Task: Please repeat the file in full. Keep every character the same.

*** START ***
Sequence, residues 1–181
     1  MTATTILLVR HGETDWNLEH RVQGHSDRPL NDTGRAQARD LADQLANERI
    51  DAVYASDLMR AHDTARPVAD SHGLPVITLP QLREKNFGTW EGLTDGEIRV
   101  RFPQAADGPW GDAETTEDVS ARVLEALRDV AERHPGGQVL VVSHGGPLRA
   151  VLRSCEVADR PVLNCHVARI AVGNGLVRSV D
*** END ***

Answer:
Sequence, residues 1–181
     1  MTATTILLVR HGETDWNLEH RVQGHSDRPL NDTGRAQARD LADQLANERI
    51  DAVYASDLMR AHDTARPVAD SHGLPVITLP QLREKNFGTW EGLTDGEIRV
   101  RFPQAADGPW GDAETTEDVS ARVLEALRDV AERHPGGQVL VVSHGGPLRA
   151  VLRSCEVADR PVLNCHVARI AVGNGLVRSV D